A new world has opened up in insurance, as the Internet of Things (IoT) changes how insurers and individuals operate. The transition towards a preventative business model is almost inevitable as technology becomes more connected and smarter. Insurance companies cannot afford to ignore the arrival of the IoT, or they will end up being the Toys R Us of the insurance world, left behind by new entrants and those who have managed to adapt successfully to new ecosystems and the demands of the market.
Using data to make intelligent customer decisions
Data will of course be the not-so-secret ingredient to success and the key to operating effectively in this new world, not least because of the sheer volume of data generated by IoT sensors.
The average car contains over 300 sensors, but the vast majority of them generate information that is neither useful nor interesting to insurers most of the time. It is, therefore, important to consider how to identify what is important and when that data source needs to be considered. The priority should be to identify how the information can help the customer, and to make it specific to the customer’s need, whilst supporting the business goals and objectives of the insurer.The vast majority of car sensors generate information that is neither useful nor interesting to insurers most of the time. How to identify what is important? #IoT #Insurance Click To Tweet
Sensor information needs to be used to support good business decisions. For example, the gearbox oil temperature sensor is vital to the car’s engine management system, but not necessarily to insurers. Data streamed from temperature or weather sensors, by contrast, can identify customers who may be taking unnecessary risks by driving when conditions are unsuitable. The question then is how to use the information from that sensor to support the insurer’s business decisions. Should the organisation, for example, send messages to the driver asking them not to drive and/or suggesting the purchase of snow chains, increase their premiums temporarily or permanently, or even refuse insurance? I am not sure that drivers or insurers have really resolved — or even started to fully consider — some of these questions yet. Let alone start to consider how much data they are willing to share and how much autonomy they are willing to accept from artificial intelligence systems interpreting that data behind the scenes.
A move towards preventative management
Insurance has always been about risk, but the advent of IoT data offers the potential to start to actually manage and reduce risk by means other than just pricing and premiums. The products on offer are therefore likely to change, and become much more dynamic, responding to risks that can be identified before they occur and then prevented. For example, a household insurer that is given access to a customer’s smart home management system could identify the risk of fire or theft by using data from the smart home combined with open data relating to crime in the area and offer advice on additional home security or smart fire alarms to prevent an incident from occurring or at least minimise it.
What is more important here is that the relationships with customers are also likely to become more dynamic and interaction-based. Is this generational? Much is said about how millennials value experience, and want instant answers, and this obviously affects insurance too. There is also evidence, though, that the demands of Generation X are changing. A recent survey found that almost half of Gen Xers had actively avoided buying a product or service because the contract tie-in was too long. There is a balance to be found between immediate gratification, supported by rapid transactions, and the drive to build long-term relationships with customers, to support improved experiences.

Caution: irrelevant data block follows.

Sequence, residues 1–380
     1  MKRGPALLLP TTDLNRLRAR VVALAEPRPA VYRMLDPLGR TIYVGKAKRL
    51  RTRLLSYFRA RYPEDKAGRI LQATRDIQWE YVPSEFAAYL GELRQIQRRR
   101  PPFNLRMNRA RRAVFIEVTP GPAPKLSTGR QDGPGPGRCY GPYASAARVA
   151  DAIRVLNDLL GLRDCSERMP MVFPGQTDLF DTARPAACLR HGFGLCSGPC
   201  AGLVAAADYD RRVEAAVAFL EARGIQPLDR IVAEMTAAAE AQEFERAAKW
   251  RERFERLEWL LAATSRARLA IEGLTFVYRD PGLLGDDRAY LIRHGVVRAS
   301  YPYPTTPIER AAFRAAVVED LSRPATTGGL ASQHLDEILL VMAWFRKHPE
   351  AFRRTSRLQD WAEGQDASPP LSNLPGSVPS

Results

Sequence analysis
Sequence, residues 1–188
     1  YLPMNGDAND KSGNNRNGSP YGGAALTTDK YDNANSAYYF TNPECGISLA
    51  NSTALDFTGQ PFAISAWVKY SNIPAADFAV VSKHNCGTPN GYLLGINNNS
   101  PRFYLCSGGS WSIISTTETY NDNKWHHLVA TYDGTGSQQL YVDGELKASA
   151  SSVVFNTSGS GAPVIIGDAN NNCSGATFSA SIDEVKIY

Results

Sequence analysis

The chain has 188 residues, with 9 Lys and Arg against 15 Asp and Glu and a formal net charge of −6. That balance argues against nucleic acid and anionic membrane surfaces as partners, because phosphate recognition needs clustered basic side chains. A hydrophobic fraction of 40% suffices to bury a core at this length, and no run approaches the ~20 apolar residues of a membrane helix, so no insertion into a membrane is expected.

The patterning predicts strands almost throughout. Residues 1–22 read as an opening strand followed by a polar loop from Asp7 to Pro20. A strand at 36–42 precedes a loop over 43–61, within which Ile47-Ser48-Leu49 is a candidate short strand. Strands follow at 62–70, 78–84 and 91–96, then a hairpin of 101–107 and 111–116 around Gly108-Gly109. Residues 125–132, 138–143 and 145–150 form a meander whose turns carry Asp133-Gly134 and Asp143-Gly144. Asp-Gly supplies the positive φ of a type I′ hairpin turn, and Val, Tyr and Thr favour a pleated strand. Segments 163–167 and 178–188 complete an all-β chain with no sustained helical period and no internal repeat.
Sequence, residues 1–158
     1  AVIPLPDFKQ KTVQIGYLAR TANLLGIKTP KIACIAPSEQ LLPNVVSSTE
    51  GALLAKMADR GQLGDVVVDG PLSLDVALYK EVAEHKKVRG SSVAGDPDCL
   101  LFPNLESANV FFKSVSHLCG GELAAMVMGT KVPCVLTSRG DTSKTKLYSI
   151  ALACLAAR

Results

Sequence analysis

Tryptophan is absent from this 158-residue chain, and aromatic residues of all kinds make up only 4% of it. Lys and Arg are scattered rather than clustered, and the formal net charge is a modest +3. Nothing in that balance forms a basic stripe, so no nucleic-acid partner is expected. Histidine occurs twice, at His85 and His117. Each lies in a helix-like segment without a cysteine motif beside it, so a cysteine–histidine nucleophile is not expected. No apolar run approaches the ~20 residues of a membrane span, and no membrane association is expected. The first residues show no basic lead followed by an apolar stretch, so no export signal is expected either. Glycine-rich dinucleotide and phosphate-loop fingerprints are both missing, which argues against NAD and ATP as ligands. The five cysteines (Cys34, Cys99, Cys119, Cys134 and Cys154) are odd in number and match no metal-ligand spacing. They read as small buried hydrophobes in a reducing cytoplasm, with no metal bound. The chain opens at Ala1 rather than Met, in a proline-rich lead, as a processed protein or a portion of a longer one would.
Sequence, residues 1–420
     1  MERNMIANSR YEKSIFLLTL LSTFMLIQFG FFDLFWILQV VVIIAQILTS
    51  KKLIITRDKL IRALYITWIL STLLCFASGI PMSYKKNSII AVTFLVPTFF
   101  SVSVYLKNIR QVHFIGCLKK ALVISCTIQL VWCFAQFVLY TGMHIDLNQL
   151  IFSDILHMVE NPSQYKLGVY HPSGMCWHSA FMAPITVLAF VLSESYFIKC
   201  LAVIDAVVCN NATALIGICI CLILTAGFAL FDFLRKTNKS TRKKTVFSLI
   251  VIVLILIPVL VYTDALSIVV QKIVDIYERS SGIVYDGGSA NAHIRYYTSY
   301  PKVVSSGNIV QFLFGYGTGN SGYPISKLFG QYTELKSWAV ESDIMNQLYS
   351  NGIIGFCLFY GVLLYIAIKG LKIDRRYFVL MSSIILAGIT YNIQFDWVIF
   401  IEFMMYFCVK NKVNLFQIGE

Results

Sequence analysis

Partnerships and relationships
New partnerships between insurers and other organisations also offer opportunities to improve customer intelligence and build new and ongoing relationships with customers. An obvious partnership is with car manufacturers, to incorporate more useful sorts of sensors and information-gathering options into vehicles. Other, less obvious, partnerships include smart cities, which are becoming able to gather huge amounts of data about the behaviour of individuals and not just in vehicles.
Consensual use of data to reward and encourage good (safe) drivers for example and encourage particular actions that reduce risk to both the driver and the insurer could benefit all.
This may sound like the beginnings of a surveillance state, but consensual use of this data to reward and encourage good (safe) drivers for example and encourage particular actions that reduce risk to both the driver and the insurer could benefit all. More importantly, it offers potential for a stronger engagement between customer and insurer. If the insurer is invited by the customer to monitor risk in real-time, there are more opportunities to communicate with the customer. Done correctly, this could build stronger and more loyal relationships with customers moving the decision customers make about buying insurance to one that is based not purely on price.
Changing perceptions and developing experiences
Insurance is often seen as a commodity, but anyone who has ever had to deal with an insurance claim knows that this is far from the truth. The difficulty for insurers has always been to sell customer experience without dwelling on the negative aspects: that is, needing to make a claim.
The advent of the IoT offers potential for insurers to start to think about developing a more high touch customer relationship, with experience becoming more important. This prevention-based model of insurance, which is already starting to emerge in both home and car insurance, is only like to expand in importance alongside the Internet of Things.